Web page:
The Schoolmistress, and other stories eBook

This eBook from the Gutenberg Project consists of approximately 189 pages of information about The Schoolmistress, and other stories.
and laugh without reason, and talk nonsense; they are warm, honest, self-sacrificing, and as men are in no way inferior to himself, Vassilyev, who watched over every step he took and every word he uttered, who was fastidious and cautious, and ready to raise every trifle to the level of a problem.  And he longed for one evening to live as his friends did, to open out, to let himself loose from his own control.  If vodka had to be drunk, he would drink it, though his head would be splitting next morning.  If he were taken to the women he would go.  He would laugh, play the fool, gaily respond to the passing advances of strangers in the street....

He went out of the restaurant laughing.  He liked his friends—­one in a crushed broad-brimmed hat, with an affectation of artistic untidiness; the other in a sealskin cap, a man not poor, though he affected to belong to the Bohemia of learning.  He liked the snow, the pale street lamps, the sharp black tracks left in the first snow by the feet of the passers-by.  He liked the air, and especially that limpid, tender, naive, as it were virginal tone, which can be seen in nature only twice in the year—­when everything is covered with snow, and in spring on bright days and moonlight evenings when the ice breaks on the river.

     “Against my will an unknown force,
     Has led me to these mournful shores,”

he hummed in an undertone.

And the tune for some reason haunted him and his friends all the way, and all three of them hummed it mechanically, not in time with one another.

Vassilyev’s imagination was picturing how, in another ten minutes, he and his friends would knock at a door; how by little dark passages and dark rooms they would steal in to the women; how, taking advantage of the darkness, he would strike a match, would light up and see the face of a martyr and a guilty smile.  The unknown, fair or dark, would certainly have her hair down and be wearing a white dressing-jacket; she would be panic-stricken by the light, would be fearfully confused, and would say:  “For God’s sake, what are you doing!  Put it out!” It would all be dreadful, but interesting and new.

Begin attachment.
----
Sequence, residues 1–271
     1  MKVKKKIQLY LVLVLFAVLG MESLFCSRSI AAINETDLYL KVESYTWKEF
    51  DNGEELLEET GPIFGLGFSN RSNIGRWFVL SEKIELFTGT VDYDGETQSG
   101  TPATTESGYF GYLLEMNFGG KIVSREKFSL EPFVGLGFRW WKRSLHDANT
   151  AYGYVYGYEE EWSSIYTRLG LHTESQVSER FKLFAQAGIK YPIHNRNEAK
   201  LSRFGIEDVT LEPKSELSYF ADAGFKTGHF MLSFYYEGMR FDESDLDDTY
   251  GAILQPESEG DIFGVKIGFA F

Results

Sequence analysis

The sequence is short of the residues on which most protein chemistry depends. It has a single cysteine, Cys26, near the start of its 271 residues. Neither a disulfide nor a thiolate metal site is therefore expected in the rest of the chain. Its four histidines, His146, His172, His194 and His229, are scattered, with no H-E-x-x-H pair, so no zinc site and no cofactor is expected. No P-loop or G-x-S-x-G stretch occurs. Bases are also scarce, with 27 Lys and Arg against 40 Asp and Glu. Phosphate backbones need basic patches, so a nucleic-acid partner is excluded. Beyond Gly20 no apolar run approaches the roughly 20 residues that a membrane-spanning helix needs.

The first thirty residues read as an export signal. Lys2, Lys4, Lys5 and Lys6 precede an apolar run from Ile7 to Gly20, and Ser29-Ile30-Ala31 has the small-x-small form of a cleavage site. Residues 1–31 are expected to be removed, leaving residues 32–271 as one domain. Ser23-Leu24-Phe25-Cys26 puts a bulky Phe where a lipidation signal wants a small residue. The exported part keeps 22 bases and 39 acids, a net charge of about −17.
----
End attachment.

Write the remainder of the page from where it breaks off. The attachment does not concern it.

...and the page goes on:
II

The friends turned out of Trubnoy Square into Gratchevka, and soon reached the side street which Vassilyev only knew by reputation.  Seeing two rows of houses with brightly lighted windows and wide-open doors, and hearing gay strains of pianos and violins, sounds which floated out from every door and mingled in a strange chaos, as though an unseen orchestra were tuning up in the darkness above the roofs, Vassilyev was surprised and said: 

“What a lot of houses!”

“That’s nothing,” said the medical student.  “In London there are ten times as many.  There are about a hundred thousand such women there.”

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Project Gutenberg
The Schoolmistress, and other stories from Project Gutenberg. Public domain.
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